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Visual Literacy: Evaluation

Questions to Ask: Art

Many of the same questions that apply to photographs apply to works of art. However, since works of art are meant to be a more figurative representation of ideas, some other questions below may help you evaluate the work.

  1. What is the context of this image: How was it meant to be displayed? Publicaly? In a private home? On a wall? Is it a reproduction? Was it used for a purpose other than the way you see it now? Remember, many buildings were desigend to include art and art was often designed to be part of a structure, such as frescoes in the villas of Pompeii.
  2. What cultural presuppositions to you bring from your time that the contemporary viewer would not have had? (For exampe, what to you know about science, politics, etc. that the viewer did not, and conversely, what did the viewer know that you do not understand?)
  3. Why was the object created? Was it commissioned? Was it a portrait for a family? By a patron? Was there an expected perception? (For instance, was the painting created to show a pastoral view of the countryside or to make a nobleman look like a "manly man"?)
  4. What iconogrpahy is used in the scene? Paintings often use objects to symbolize philosophies or ideas, for instance a skull for the presence of death or scientific instruments for learned men. Roman coins used iconography to honor emperors. Special symbol dictionaries can help to explain the meaings of these symbols.
  5. What was the artist's philosophy or viewpoint when the piece of artwork was creaed? This is simialr to the photographer setting up the photograph. The artist paints with an overt or covert philosophy in mind. Whether a a modern-day Marxist sensitive to class issues or prior to Marxist philosophy, sympathetic to the oppressed masses, the artisit has a viewpoint.
  6. What is the artist's message? Look at what is central to the piece of art to discern what the artist wanted to tell you.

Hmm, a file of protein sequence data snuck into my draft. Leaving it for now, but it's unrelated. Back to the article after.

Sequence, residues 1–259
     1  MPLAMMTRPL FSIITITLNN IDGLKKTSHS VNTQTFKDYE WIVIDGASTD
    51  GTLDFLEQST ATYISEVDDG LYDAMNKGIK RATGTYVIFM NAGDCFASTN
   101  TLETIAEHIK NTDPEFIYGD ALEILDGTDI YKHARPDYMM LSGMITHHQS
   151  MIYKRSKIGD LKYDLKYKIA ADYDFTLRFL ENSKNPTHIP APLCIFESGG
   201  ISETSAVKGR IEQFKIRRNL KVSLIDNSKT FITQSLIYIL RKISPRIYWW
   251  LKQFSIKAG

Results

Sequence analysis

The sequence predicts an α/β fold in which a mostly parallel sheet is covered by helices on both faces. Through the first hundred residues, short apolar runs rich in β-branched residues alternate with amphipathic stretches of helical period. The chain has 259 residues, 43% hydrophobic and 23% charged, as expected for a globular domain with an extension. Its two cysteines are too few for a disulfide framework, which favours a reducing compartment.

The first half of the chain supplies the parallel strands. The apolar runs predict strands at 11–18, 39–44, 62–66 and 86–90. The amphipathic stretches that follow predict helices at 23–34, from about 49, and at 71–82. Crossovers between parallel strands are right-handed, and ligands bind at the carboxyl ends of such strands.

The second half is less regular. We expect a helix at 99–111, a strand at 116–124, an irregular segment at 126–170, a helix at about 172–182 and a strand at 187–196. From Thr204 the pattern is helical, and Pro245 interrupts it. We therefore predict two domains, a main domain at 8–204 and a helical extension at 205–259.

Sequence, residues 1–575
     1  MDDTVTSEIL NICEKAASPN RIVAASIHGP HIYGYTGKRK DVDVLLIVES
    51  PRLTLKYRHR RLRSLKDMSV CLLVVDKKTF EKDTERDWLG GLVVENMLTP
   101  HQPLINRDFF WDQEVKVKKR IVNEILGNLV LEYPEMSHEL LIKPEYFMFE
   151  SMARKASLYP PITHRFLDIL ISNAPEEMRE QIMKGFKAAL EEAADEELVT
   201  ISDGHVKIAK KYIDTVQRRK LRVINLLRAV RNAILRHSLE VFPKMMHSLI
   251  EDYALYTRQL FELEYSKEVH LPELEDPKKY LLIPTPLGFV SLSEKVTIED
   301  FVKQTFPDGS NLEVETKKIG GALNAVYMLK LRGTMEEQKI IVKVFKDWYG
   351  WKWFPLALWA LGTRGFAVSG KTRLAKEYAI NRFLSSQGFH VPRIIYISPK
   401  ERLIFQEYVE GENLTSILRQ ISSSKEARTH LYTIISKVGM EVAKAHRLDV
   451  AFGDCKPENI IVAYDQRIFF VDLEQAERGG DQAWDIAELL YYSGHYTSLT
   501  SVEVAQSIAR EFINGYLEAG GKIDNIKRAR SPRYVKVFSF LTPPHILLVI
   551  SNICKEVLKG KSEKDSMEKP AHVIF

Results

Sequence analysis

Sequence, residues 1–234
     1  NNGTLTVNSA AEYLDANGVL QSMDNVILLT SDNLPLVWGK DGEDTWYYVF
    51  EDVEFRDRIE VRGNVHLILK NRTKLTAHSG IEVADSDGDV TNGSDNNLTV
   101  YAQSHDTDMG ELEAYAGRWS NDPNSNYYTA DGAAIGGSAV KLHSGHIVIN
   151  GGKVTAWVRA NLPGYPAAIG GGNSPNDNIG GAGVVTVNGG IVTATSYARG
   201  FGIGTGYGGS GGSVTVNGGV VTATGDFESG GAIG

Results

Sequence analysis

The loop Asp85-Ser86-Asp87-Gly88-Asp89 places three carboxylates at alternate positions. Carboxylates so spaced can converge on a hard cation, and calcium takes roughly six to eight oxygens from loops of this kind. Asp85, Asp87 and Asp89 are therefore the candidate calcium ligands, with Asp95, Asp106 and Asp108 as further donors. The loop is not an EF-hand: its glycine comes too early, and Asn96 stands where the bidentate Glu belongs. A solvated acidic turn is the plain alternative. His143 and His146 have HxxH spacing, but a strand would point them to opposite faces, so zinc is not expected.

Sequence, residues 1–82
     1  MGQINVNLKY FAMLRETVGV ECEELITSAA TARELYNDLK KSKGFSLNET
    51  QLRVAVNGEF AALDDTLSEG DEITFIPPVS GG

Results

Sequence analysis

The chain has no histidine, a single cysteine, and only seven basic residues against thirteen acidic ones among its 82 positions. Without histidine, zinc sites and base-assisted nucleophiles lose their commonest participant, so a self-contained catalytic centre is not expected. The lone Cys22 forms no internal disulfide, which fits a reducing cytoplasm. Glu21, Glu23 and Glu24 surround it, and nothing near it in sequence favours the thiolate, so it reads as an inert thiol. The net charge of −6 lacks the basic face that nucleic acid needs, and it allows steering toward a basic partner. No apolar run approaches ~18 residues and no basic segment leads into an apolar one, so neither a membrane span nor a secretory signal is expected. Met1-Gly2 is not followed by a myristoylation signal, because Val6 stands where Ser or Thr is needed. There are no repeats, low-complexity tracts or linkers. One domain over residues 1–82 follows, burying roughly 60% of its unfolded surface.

7. What was the artist's source for the piece of artwork? Was the artist the eyewitness, creating from the event, looking at the landscape or posing the individual? Or was the artist working from a newspaper description or from memory?

Questions to Ask: Photographs

Use some of the following questions to analyze your photographic images


  1. What is the social and historical context for this image?
  2. What might have happened before or after this image was created?
  3. What is outside the frame of the image? What has been left out? What should be in the image that is missing?
  4. What gender, race, and class issues are reflected here? How has the photographer addressed or not addressed these issues?
  5. What relationships or connections do the people have to the objects?
  6. How did the photographer set up the photograph? Can you tell that the photographer made choices about the angle, lighting, and focus (foreground, background) that might influence how you perceive -- and how the photograph's contemporaries may have perceived -- the image's meaning and effect.? Be careful not to label or sterotype people or objects as this may lead you to erroneous conclusions.
  7. Does the photograph or image ignore issues and details contemporary to its depiction or present them in a certain way that may lead you to a certain view about the image?